Biography: Robert C. Gruppé (& family)
ROBERT CHARLES GRUPPÉ, a contemporary artist of note born in Vermont in 1944, represents the third generation of the renowned Gruppé family of painters and teachers. His impressionist plein-air paintings of landscapes and harbor-scenes capture the images and spirit of his native Vermont countryside, as well as south Florida (Naples) and Gloucester, Massachusetts.
The family tradition began with his grandfather Charles Paul Gruppé (1860-1940), who was born in Canada but whose family moved to Rochester, New York when he was ten years old following the death of his father. Charles Gruppé was primarily self-taught but his natural talent enabled him to surmount his lack of formal education. At the age of twenty-one he had earned enough money to travel steerage to Europe, where he traveled through France and Germany before settling in Holland, building a home and studio in the small fishing village of Katwyk Ann Zee. It was here, over the course of a twenty year stay, that he executed most of his European work, ultimately becoming so identified with the Dutch School of Painting that he was elected to the exclusive Pulchre Studio in the Hague, something highly unusual for an American. He became what today we would recognize as a ‘celebrity artist’, and members of the Dutch Royal family – as well as other European royalty – collected his work, which consisted of portraits of the Dutch people in addition to his en plein air marine and countryside scenes. He was the recipient of numerous awards and medals, including gold medals at exhibitions at Paris and Rouen, and two silver medals (watercolor and oil) at the 1903 St. Louis World’s Fair. Today his work is represented in many of the finest museums and private collections in Europe and America.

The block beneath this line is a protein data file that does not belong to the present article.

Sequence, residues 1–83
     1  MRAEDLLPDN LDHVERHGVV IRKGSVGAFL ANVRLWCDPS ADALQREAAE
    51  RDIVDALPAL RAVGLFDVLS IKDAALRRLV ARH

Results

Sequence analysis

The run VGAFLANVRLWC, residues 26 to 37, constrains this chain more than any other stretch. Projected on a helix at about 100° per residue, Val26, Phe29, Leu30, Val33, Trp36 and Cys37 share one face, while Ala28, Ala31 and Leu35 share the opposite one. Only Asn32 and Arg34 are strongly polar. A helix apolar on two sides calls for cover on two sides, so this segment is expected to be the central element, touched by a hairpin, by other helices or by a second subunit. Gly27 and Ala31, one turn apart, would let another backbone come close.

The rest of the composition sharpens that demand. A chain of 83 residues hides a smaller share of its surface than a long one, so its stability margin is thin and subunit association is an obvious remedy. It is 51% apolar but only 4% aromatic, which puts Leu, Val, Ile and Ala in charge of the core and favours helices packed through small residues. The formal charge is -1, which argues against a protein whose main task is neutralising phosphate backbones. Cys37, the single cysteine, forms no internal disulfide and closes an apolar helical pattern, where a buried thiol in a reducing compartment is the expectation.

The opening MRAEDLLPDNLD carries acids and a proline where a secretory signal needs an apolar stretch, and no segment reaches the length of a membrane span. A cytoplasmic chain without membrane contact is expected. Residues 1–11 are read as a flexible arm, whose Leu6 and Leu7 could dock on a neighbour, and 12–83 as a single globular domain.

Charles Gruppé’s son – and Robert’s father – Emile Gruppé (1896-1978) was a legendary New England artist and teacher best known for his Monet-influenced landscapes and seascapes. Primarily working in the Impressionist tradition of broken brush-work and en plein air locations, he also painted figures and portraits . Emile’s father was determined that his son not suffer from the same lack of formal artistic education that he himself suffered from, and thus Emile received training at many prestigious art schools, including the National Academy of Design (New York City), the Hague (the Netherlands), the Art Students League (New York City) and the Grand Chaumiere (Paris). His tutors included some of the most sought after instructors of the period, such as George Bridgman, Charles Chapman, Richard Miller, and John Carlson.
During the 1930s, feeling that he had outgrown his early tonal style and wishing to impart a greater degree of verve and sparkle to his work, Emile adopted a more direct and personal mode of painting, in which he combined a dynamic brand of Realism with the light and atmospheric concerns of Impressionism. His mature work is much admired for its robust brushwork, rich palette, thick impasto, and keen sense of compositional design.